Coleman and Oviedo accept Martinez licence to thrill for high-flying Toffees
Everton 4 Stoke City 0
A LITTLE bit of history was achieved at Goodison Park on Saturday. Never before had two Everton full-backs scored in the same league game.
That fact says much about this team's evolution under Roberto Martinez.
Seamus Coleman and Bryan Oviedo pushed so high at times, there were six attackers swarming. Stoke could not deal with it. They were bullied by possession. They were bullied by movement. Most significantly, they were bullied by numbers.
There is no doubt there has been a positive stylistic shift at Goodison Park. Sure, Leighton Baines has long been considered one of Everton's greatest threats going forward.
Last season, David Moyes facilitated the emergence of Coleman on the other side of the defence and he was allowed to raid, too. Yet the pair were rarely afforded the chance to function in the same way simultaneously. If one went, the other stayed. It is not the case now.
Baines was not even available for this match due to injury. His replacement had not started a league game under Martinez.
Oviedo, though, understood his role. After ripping a 20-yard shot in off the post, the Costa Rican set up Romelu Lukaku's fourth. Before that, the outstanding Gerard Deulofeu marked his full league debut with the opener before helping set up Coleman for the second.
"It has been surprising how the players have been so open to listening to different things and to try to do those things on the pitch," Martinez said. "They're very conscientious."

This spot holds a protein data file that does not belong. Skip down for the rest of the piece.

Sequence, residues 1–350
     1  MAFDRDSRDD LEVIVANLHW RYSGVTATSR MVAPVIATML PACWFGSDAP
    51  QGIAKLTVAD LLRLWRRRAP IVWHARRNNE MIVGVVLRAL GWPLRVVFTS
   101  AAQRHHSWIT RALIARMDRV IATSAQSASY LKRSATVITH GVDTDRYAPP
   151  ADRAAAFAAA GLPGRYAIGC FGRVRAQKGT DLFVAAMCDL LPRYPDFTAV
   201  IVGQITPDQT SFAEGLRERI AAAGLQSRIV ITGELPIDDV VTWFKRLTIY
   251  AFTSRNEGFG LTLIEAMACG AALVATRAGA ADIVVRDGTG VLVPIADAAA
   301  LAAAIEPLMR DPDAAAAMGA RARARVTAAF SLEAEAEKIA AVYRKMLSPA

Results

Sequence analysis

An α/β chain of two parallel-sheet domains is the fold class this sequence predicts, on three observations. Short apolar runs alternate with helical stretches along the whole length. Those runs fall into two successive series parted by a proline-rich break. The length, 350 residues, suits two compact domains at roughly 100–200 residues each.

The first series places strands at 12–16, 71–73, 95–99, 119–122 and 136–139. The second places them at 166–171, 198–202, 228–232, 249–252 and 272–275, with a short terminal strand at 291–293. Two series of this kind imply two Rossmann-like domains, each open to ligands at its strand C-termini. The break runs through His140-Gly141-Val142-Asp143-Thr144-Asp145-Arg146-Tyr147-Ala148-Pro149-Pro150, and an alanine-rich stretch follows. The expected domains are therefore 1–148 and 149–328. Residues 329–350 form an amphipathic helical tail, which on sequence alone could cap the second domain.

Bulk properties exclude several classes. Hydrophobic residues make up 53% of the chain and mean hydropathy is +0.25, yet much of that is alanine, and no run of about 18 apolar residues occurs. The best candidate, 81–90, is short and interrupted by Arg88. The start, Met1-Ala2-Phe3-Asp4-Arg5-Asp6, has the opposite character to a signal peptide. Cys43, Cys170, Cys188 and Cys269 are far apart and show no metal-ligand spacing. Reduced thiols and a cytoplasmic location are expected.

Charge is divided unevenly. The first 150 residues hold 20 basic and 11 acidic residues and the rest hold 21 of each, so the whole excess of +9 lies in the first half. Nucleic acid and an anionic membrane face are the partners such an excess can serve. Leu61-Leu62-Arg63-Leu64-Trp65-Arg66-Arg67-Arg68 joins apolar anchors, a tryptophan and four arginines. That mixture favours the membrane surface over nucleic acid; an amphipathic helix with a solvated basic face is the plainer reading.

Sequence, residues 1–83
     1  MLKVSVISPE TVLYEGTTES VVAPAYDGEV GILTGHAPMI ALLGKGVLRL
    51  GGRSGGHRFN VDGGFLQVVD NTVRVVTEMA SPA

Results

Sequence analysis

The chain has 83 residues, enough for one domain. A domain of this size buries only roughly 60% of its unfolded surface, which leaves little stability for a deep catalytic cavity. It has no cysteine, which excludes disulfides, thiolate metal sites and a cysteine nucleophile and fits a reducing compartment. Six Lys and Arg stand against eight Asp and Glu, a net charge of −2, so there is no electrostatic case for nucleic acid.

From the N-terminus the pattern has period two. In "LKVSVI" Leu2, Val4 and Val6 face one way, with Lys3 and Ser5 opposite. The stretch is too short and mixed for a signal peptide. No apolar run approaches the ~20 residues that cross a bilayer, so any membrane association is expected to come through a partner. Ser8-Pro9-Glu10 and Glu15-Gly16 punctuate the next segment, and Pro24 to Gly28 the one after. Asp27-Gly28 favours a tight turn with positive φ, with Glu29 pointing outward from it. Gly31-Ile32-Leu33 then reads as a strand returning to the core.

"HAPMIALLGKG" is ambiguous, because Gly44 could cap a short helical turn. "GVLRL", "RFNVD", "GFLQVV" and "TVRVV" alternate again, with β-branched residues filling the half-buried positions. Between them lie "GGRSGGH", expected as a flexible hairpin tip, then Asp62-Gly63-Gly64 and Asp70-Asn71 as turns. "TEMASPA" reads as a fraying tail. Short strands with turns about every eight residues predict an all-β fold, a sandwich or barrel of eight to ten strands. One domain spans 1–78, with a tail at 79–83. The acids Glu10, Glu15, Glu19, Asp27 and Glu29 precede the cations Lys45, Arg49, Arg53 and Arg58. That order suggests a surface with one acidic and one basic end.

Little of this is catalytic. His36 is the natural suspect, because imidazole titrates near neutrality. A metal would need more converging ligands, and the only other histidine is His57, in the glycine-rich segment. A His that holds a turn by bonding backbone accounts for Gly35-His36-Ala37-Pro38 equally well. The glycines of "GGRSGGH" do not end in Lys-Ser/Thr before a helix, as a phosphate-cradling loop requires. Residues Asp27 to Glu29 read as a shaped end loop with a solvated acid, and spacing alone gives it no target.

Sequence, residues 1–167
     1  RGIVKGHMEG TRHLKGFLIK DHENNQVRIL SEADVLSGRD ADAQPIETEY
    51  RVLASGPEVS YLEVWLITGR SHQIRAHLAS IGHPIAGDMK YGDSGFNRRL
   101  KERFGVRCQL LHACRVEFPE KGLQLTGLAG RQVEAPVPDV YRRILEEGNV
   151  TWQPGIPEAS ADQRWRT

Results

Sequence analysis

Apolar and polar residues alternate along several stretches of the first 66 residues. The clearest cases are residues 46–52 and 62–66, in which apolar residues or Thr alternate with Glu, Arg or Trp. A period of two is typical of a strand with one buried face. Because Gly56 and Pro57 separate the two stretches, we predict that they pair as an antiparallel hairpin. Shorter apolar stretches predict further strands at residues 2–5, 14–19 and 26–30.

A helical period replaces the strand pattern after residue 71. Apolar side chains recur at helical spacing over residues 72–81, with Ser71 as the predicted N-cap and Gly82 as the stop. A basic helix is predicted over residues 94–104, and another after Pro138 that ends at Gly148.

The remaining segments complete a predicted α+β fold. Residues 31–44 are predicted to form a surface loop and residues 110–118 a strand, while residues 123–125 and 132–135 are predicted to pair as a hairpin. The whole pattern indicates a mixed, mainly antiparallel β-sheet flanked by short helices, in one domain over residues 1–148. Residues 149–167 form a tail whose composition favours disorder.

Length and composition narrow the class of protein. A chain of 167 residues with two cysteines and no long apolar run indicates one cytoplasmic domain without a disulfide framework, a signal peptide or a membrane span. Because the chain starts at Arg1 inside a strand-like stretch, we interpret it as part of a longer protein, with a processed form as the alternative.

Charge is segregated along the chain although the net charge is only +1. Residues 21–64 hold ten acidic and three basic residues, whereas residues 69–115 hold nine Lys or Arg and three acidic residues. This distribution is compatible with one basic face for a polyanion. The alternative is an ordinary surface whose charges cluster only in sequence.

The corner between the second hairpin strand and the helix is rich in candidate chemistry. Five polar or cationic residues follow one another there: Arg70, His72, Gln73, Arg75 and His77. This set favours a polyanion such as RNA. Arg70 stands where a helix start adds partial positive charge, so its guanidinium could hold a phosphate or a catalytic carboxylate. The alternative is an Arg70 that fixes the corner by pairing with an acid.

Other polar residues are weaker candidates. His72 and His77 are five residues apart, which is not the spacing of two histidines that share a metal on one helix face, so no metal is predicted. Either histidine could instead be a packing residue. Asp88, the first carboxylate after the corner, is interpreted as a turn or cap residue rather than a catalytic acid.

Everton really went for it. With better finishing, Stoke City could have been subjected to a considerably worse defeat, with teenager Deulofeu, on loan from Barcelona, outstanding.
"He is one of the most talented footballers in Spanish football, he is quite a unique talent," said Martinez.
"There was a long list trying to take Gerard on loan and the fact he wanted to come to Everton was a fantastic feeling, and you can see why we worked so hard to attract him to the club."
"We had too many players not at the levels they are capable of hitting," lamented Stoke manager Mark Hughes. "We can't carry anyone. We are not good enough to do that."
There has been no revolution under Hughes. Claims that Stoke had emerged as a passing team in the aftermath of Tony Pulis' exit were foolish. There is a lack of identity: just drab, nothing football. On this viewing, they should be concerned about their top-flight existence.
Everton's change is genuine. Next they travel to Manchester United on Wednesday night; appropriate opponents to illustrate just how much progression has been made.
Under 11 years of Moyes' reign at Everton, they did not win at Old Trafford. They did not win at Anfield. They did not win at Highbury or the Emirates Stadium.
Aside from a penalty shoot-out victory in the FA Cup, they did not win at Stamford Bridge. In fact, in 43 games away at United, Liverpool, Arsenal and Chelsea, Everton lost 27, drew 16 and won zip.
There appeared to be a mental block, a lack of courage at crucial moments. It led to a recessive pattern on the pitch and on the terraces: if it felt like it was going to go wrong for Everton, it usually did.
This is Martinez's opportunity to alter that mindset in one hit.
A victory at Old Trafford on Wednesday might release that tension. With Moyes now in the other dug-out, the coincidence would be delicious. (© Daily Telegraph, London)